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Listen on Spotify: In the next year, you will be able to find this playlist with the next title: Best Pop Hits - Most Popular POP Songs of All Time (Playlist Updated Daily 2022)
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- "The Twist" by Chubby Checker. The Chubby Checker dance sensation reached number one on the chart twice – first in 1960, and then again two years later.
- "Smooth" by Santana (featuring Rob Thomas) (1999) by on YouTube.
- "Mack the Knife" by Bobby Darin (1959) by on YouTube.
- "Uptown Funk" by Mark Ronson (featuring Bruno Mars) (2015) by on YouTube.
Dec 12, 2019 · Guns N’ Roses, Michael Jackson, Linkin Park, Katy Perry, and Ed Sheeran all have at least two songs in this most popular songs list. The most popular song on the entire list was Luis Fonsi’s...
- The Beatles – Hey Jude
- The Eagles – Hotel California
- Pink Floyd – Comfortably Numb
- John Lennon – Imagine
- Nirvana – Smells Like Teen Spirit
- Metallica – One
- Bob Dylan – Like A Rolling Stone
- Bing Crosby – White Christmas
- Led Zepplin – Stairway to Heaven
- Queen – Bohemian Rhapsody
Harking from what many consider to be the golden era of modern music, this Beatles hit originally started out as a song of consolation for John Lennon’s son Julian (who was facing the divorce of his parents) by Paul McCartney. This song had the honor of being the longest of not only any Beatles song, but the longest to make it to the top of the British Charts, and also carried a long standing record as tied for the longest run hit on U.S. Charts. As a result, it has made it to number 10 on this list, and in 2013 had also made it on as Billboard’s Top 10 of all time in the same position.
Holding the title of the song with the single best guitar solo ever (according to both the BBC and Guitarist Magazine) this Grammy winning song has some of it’s popularity as a result of the mystery surrounding the lyrics. Is it about satanic ritual? What about the consequences of drug use? Well, according to Don Henley, neither of those are quite true. Instead, the song is about the journey from innocence to experience in the Los Angeles high life. Being the number one song from the band, Hotel California makes it to number 9 on this list.
Another wonderfully guitar heavy song to make the list is the psychedelic, progressive rock song Comfortably Numb by Pink Floyd. As with most of the rest of the album the song is featured on (The Wall) this song revolves around a rock star by the name of Pink, as he compares his current condition of complete apathy to the feverish illness he had once suffered as a child. However, unlike most of the rest of the album, David Gilmour wrote Comfortably Numb, where Roger Waters had done most of the rest of the writing for the band.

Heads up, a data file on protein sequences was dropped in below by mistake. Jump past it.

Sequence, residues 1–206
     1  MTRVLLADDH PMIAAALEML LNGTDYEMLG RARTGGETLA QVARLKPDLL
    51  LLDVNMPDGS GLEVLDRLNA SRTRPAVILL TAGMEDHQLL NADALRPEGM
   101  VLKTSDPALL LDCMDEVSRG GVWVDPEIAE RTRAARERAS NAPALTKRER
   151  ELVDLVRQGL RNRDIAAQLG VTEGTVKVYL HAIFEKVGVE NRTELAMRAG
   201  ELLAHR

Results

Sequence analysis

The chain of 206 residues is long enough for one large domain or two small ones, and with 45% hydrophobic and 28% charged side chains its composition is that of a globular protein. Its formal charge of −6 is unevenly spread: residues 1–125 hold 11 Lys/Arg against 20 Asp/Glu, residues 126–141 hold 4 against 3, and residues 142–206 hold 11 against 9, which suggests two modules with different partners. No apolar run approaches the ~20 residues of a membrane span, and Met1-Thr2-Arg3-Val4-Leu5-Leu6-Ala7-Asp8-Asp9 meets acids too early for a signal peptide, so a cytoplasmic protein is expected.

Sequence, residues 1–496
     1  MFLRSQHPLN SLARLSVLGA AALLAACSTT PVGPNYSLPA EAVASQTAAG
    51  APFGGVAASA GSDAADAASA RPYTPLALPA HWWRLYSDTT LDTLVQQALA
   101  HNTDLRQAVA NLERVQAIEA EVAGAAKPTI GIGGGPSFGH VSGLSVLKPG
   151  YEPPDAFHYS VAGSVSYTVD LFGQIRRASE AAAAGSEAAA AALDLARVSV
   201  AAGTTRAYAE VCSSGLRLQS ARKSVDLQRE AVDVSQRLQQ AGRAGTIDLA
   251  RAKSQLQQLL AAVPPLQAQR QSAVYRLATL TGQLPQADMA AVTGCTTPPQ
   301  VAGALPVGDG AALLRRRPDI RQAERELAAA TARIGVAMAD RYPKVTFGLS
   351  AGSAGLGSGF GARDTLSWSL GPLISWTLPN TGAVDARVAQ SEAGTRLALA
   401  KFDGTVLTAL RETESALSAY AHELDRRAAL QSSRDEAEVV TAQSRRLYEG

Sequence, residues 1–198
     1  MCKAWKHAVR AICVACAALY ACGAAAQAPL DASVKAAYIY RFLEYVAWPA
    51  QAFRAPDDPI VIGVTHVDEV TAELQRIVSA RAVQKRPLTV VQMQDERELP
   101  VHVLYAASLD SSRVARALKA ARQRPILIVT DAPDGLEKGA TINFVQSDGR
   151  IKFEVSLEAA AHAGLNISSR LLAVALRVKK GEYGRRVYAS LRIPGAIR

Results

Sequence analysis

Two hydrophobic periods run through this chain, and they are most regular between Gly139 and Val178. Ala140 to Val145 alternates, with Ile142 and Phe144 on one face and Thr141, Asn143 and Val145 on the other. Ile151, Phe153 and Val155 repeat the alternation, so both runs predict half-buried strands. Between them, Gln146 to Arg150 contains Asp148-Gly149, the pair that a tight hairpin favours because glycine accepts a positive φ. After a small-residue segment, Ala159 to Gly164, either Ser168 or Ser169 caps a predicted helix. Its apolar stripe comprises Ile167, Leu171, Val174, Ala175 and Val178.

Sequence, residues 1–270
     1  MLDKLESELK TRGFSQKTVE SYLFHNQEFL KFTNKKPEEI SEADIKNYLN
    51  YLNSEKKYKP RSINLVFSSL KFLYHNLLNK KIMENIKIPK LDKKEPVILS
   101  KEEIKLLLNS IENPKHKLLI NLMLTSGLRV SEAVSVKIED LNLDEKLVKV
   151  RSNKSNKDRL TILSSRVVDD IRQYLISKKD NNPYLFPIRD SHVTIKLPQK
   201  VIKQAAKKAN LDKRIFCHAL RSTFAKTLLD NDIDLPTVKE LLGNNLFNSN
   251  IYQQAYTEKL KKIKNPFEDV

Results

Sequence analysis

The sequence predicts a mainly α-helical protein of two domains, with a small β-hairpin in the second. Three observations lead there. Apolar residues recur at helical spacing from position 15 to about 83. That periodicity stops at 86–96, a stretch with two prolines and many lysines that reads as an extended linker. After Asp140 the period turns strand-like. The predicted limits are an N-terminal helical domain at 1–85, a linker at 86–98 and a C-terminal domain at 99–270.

Any list missing John Lennon’s Imagine would be considered one lacking a song that typified many ideals of the 60’s and 70’s. With a plea for the audience to consider life without the barriers to considering others humanity over their affiliations to religion, nationality, or anything else, this was easily the most popular song made by John Lennon in his solo career. Sadly, soon after the release of this song, John Lennon was murdered, which contributed to the radio popularity of the song for quite some time. BMI has rated it as among the most performed songs in the 20th century, and RIAA has rated it number 30 in the 365 songs of the century.
In a slight twist of irony, Nirvana’s Smells Like Teen Spirit was actually an homage to a band that didn’t quite make this top ten list – The Pixies. This song in particular originated in a fit of imagination mere weeks before the start of recording of Nevermind. After an initial (and somewhat predictable) fight over the potential “ridiculousness” of the song between bandmates and a 90 minute riff session, soon the music was slowed slightly, and the lyrics thought up. As quickly as it was written it would later be deemed a commercial and critical success, helping cement the band into rock and roll fame forevermore.
Coming from who many consider to be the best Metal band of all time, One was an incredibly popular song for the genre, and also for an anti-war song. Making it big across the U.S., U.K. and European charts, this song can also credit some of its success with the public to the particularly powerful music video, showing an injured solider, unable to communicate, coming home. As an interesting aside, the success of this song allowed the band to buy the rights to the movie Johnny Got His Gun, which is used throughout the music video.